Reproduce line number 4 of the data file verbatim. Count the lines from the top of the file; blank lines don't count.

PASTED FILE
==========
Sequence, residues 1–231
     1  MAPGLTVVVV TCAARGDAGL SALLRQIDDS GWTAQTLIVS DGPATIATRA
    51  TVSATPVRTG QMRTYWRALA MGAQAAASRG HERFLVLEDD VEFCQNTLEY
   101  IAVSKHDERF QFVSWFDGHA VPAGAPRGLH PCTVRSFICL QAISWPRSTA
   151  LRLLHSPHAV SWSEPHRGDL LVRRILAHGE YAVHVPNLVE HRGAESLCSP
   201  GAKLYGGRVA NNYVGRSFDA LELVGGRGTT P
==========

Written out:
   101  IAVSKHDERF QFVSWFDGHA VPAGAPRGLH PCTVRSFICL QAISWPRSTA